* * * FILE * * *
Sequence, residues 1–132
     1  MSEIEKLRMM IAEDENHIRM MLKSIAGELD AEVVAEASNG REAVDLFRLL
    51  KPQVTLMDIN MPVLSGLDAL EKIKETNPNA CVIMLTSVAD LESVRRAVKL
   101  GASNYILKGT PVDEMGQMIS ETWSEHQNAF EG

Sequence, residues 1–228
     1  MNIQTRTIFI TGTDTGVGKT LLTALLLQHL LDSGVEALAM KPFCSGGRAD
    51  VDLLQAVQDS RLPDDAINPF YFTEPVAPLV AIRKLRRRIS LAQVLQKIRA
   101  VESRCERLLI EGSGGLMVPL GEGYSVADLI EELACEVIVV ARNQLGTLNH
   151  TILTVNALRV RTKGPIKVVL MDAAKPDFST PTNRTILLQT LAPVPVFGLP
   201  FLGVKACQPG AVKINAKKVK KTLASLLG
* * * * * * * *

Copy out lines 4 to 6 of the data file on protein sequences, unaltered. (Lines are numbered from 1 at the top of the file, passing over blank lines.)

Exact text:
   101  GASNYILKGT PVDEMGQMIS ETWSEHQNAF EG

Sequence, residues 1–228
     1  MNIQTRTIFI TGTDTGVGKT LLTALLLQHL LDSGVEALAM KPFCSGGRAD